Accommodations Across All Grade Levels & All Levels of Need

The goal of accommodations is to help the student access the curriculum, be involved and progress in their education regardless of having PANS/PANDAS. Accommodation and supports can help PANS students remain functional in school during a flare. Remedial support between flares can help the student regain skills lost during a flare.

  • Communication & Collaboration. Communication and collaborating as a team to frequently assess the student’s need is essential due to the relapsing and remitting nature of PANS. Communication between parents, nurse, teachers, and staff must be established and encouraged. Sudden changes in behavior and health status should be communicated rapidly in order to adjust the level of supports. An IHCP can ensure supports are in place and communication is enforced. (See below for more on Communication & Collaboration.)
  • PANS significantly impacts attendance for most PANS students. Modification in attendance policy may be necessary. Modifications may range from allowing for multiple late arrivals to considering temporary home-hospital placement. Modifications to the schedule may be warranted. (See below for more on attendance.)
  • Contagious Disease Health Alert. Protocols should be set to alert the family via the School Nurse if strep or other infections are reported. PANS Students may have symptom activation simply by being exposed to a student with an infection. School nurses should send informational notices about the impact of illness, such as strep to the class/school. Notices should include why it is important to receive treatment, when can a child return to school, how to prevent its spread, and why it is important to report if your child has strep or another communicable illness. Requesting parents to report an illness does not violate privacy laws when the notice names no students and opens with a general statement such as, “We are seeing an increase in the reported cases of Strep throat.” (See below for examples of School Nurse letters.)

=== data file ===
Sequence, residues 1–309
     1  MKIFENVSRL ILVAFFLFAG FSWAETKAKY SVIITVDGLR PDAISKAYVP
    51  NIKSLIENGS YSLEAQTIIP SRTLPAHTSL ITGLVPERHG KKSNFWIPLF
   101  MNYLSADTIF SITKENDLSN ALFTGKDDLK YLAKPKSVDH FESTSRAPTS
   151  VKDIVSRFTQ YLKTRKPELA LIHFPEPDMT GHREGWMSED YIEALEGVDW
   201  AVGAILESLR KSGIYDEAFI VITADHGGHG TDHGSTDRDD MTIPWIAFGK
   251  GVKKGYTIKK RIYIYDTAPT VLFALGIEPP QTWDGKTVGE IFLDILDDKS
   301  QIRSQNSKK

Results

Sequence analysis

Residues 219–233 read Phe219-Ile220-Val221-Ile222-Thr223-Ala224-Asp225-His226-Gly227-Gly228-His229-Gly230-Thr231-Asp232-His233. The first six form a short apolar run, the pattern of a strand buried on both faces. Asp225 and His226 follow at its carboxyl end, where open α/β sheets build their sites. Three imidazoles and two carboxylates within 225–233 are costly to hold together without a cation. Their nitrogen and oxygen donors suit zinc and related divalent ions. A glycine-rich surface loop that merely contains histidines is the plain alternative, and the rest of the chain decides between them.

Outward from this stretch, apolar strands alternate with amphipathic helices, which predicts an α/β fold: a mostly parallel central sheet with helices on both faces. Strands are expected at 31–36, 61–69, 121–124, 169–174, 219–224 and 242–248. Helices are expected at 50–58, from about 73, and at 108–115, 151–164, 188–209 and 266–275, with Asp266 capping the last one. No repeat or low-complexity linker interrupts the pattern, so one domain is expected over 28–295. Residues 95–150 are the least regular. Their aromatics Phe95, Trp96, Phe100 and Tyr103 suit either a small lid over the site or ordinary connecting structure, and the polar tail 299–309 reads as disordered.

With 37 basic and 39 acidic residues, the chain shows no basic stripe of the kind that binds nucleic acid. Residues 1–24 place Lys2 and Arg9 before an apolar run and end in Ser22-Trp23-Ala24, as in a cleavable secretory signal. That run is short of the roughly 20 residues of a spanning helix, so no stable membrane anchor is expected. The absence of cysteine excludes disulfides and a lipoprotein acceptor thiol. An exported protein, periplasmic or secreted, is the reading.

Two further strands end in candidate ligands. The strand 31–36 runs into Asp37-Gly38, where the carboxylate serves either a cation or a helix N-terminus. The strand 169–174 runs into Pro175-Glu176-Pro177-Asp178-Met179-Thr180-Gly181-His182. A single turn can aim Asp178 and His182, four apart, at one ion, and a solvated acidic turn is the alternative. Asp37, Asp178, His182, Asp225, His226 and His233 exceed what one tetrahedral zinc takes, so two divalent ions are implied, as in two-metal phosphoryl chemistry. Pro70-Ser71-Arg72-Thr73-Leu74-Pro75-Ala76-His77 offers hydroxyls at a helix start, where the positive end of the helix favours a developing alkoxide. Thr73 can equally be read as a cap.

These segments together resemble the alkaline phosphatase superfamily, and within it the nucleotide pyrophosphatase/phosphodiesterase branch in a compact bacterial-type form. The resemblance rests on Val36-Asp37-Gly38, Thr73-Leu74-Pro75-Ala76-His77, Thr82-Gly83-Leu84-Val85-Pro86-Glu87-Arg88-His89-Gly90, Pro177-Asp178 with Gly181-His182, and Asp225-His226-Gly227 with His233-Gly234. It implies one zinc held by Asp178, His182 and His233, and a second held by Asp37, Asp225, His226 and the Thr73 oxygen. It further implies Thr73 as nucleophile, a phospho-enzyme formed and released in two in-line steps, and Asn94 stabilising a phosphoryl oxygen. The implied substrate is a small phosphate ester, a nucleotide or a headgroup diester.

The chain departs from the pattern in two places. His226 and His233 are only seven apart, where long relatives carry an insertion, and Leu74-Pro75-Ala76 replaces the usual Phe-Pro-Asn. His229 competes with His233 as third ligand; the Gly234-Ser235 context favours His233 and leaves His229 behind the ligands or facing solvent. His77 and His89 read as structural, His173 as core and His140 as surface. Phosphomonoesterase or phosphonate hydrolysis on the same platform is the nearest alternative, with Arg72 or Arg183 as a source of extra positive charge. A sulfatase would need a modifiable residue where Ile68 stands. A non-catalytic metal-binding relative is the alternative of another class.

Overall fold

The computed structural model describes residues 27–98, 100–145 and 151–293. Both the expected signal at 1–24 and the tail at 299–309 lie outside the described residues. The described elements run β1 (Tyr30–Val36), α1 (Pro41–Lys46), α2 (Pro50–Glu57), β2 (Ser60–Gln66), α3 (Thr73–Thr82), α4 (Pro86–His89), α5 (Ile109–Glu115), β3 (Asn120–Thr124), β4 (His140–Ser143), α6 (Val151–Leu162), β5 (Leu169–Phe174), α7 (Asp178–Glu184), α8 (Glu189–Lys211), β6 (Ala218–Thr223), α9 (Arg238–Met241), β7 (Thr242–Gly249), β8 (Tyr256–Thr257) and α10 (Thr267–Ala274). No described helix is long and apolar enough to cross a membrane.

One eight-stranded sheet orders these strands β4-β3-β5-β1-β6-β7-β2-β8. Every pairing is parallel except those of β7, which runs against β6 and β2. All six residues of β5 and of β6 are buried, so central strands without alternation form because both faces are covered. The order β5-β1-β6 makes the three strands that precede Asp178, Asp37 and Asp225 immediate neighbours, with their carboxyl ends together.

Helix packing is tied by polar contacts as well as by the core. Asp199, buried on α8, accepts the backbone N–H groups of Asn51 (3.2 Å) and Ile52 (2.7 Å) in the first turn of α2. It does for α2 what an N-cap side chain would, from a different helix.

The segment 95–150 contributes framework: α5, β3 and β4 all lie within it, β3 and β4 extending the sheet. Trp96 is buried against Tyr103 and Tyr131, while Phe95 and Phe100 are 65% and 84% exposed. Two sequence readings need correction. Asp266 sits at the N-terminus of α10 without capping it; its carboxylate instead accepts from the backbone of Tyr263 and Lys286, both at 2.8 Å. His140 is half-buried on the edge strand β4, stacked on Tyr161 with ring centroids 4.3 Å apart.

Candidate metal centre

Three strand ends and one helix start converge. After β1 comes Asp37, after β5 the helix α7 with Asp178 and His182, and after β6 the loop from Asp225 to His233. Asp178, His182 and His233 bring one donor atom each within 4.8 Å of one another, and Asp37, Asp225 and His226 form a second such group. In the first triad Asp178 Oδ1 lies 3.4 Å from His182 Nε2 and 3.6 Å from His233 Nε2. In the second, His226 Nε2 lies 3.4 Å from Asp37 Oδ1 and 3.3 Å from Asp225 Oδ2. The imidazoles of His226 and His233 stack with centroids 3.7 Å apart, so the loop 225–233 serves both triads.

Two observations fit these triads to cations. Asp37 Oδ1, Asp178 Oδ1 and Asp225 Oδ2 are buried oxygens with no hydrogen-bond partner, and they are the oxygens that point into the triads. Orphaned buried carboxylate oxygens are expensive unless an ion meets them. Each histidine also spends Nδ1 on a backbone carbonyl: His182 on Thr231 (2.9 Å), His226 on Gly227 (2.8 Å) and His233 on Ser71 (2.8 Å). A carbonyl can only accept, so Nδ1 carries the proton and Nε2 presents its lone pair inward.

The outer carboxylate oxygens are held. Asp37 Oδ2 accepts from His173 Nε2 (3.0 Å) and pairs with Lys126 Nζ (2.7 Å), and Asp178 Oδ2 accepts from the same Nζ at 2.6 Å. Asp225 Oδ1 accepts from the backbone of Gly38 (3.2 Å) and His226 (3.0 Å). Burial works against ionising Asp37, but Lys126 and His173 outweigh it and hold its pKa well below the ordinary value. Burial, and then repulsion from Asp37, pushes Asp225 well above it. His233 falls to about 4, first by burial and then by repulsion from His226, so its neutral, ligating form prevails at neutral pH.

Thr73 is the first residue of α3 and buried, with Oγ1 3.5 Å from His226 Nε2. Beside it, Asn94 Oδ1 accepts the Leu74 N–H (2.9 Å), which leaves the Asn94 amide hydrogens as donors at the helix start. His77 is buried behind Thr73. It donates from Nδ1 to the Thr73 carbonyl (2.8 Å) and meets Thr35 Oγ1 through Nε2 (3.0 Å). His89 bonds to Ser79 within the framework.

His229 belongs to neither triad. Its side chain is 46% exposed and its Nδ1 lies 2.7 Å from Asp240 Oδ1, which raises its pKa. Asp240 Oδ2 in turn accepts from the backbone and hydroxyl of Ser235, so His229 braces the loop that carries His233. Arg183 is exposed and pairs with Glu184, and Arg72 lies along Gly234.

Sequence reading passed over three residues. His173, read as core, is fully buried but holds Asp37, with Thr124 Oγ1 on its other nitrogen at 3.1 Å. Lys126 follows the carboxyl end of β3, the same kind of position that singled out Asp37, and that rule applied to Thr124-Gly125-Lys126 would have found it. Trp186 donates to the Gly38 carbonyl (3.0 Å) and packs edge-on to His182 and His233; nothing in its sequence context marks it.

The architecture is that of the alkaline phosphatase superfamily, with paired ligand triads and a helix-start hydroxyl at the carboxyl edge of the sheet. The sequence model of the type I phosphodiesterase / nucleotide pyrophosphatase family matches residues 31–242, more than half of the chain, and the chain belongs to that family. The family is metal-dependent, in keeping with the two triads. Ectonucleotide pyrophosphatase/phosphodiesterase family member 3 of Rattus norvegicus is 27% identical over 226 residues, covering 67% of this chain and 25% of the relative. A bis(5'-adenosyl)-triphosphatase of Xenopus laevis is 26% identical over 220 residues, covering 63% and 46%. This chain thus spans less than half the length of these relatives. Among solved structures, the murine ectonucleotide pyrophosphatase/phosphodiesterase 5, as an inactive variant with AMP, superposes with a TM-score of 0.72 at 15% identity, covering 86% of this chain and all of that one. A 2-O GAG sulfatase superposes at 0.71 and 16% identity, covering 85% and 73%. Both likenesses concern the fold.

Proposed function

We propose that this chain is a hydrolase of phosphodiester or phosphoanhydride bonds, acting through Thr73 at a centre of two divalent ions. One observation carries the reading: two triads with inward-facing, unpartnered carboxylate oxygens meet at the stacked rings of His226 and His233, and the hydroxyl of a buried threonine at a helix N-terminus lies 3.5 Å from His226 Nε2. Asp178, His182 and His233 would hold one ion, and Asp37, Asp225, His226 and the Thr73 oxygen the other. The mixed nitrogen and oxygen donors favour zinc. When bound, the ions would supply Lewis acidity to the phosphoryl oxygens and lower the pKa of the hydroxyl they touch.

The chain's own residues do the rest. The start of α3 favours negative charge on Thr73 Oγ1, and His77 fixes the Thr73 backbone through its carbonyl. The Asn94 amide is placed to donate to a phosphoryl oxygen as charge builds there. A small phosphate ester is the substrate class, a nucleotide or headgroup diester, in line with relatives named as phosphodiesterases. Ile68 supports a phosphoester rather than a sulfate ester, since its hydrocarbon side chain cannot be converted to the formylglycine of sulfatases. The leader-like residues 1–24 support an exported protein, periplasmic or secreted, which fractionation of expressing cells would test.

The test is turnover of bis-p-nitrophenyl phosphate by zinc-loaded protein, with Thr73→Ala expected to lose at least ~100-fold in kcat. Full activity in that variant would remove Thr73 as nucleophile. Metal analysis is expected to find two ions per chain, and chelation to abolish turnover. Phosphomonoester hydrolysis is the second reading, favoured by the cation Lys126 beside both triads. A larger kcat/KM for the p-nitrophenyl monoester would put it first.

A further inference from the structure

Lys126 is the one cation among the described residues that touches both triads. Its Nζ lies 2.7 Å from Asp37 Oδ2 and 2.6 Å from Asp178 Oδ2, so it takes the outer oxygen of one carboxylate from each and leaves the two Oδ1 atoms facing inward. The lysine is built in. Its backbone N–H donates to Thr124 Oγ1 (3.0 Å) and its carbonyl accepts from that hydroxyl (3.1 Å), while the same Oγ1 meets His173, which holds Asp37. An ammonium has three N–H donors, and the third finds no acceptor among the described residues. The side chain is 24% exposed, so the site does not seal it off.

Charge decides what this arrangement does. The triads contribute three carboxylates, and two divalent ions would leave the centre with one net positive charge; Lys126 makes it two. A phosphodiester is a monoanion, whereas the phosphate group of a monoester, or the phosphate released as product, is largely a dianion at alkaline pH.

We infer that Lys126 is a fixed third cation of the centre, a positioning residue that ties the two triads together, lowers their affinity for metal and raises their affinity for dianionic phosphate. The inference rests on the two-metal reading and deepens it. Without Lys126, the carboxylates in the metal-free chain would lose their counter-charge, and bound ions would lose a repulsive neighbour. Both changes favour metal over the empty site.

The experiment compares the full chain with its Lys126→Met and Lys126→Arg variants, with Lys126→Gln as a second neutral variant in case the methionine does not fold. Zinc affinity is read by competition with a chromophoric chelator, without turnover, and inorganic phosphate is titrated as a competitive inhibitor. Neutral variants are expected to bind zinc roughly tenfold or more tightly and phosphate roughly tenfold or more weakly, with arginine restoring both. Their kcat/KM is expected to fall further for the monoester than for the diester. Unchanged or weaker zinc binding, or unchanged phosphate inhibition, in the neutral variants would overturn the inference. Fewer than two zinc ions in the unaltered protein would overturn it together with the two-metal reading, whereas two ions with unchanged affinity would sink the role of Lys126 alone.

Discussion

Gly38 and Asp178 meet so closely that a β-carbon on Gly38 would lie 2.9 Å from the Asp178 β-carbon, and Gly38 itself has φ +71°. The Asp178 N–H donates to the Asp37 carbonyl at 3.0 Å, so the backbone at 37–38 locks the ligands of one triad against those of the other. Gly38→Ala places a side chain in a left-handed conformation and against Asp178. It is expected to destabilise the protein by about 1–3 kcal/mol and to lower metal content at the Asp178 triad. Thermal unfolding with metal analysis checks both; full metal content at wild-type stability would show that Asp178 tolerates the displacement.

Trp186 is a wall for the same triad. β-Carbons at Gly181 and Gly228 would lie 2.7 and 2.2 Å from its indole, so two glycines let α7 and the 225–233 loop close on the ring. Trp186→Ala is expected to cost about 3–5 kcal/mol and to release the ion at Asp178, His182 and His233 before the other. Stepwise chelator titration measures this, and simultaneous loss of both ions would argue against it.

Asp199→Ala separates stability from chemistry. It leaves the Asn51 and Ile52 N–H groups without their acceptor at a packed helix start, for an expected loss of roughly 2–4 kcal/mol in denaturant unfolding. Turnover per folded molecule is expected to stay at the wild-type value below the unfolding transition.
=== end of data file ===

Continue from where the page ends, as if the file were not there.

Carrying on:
• Permanent/Semi-Permanent Hall Pass. Many students experience urinary frequency; allowing low-key access to a bathroom pass reduces class interruption and student stress. A Hall Pass facilitates access to a “safe place” during times of exacerbated symptoms.
  • Minimize Stress & Increase Positive Reinforcement. Stress can increase symptom severity and increase recovery time. Providing positive reinforcement rather than focusing on negative behaviors, reduces stress.
    • Provide reassurance and celebrate successes.
    • Manage antecedents to prevent behavior issues.
    • Attempt to redirect behaviors rather than reprimanding.
    • Create a plan to deescalate anxiety. Train all staff working with the student on the procedures.
    • Allow for breaks in the daily schedule as needed.
  • Allow For Options and Be Flexible. Depending on symptoms, it may be helpful to allow the student to show mastery of a subject in different ways.
    • Allow for late work without a grade reduction.
    • Allow for assignments to be redone.
    • Let students choose how to complete assignments, for example, typing, recording or handwriting assignments.
    • Allow for homework accommodations: Many students work extremely hard to “hold it together” during the school day and then fall apart at home. These students may be physically and mentally unable to complete homework assignments.
    • Provide students with laptops.
    • Give extended time on all testing
    • Provide sensory supports such as fidgets, special seating, and lighting adjustments.
  • Create Specialized Behavior Plans. Differentiate between “choice-based” behaviors and neurological symptoms resulting from an encephalitic process. It is important to not blame students for involuntary actions that are a manifestation of their illness. It may be more beneficial to prevent behaviors than to punish them; creating a supportive classroom with sensory supports, break times, safe places, and assignment options can help. Drawing attention to some behaviors may only exacerbate them. Traditional functional behavior assessments (FBAs) are directed by the principle that all behaviors stem from either wanting to avoid something (a task, attention, sensory input) or to gain something desired (preferred items, attention). Traditional FBAs and behavior intervention plans (BIP) can be written but input from the student’s doctor and/or therapist helps to ensure that neurological symptoms are not misidentified as behaviors and inappropriately intervened. For example, some repetitive noises and movements may actually be tics, some behaviors that look like non-compliance may result from being physically ill or from intrusive thoughts, or rage episodes may be a result from brain inflammation, etc. Assessing whether behaviors are involuntary or voluntary can be difficult but understanding that one must look at behaviors from both angles is a good start.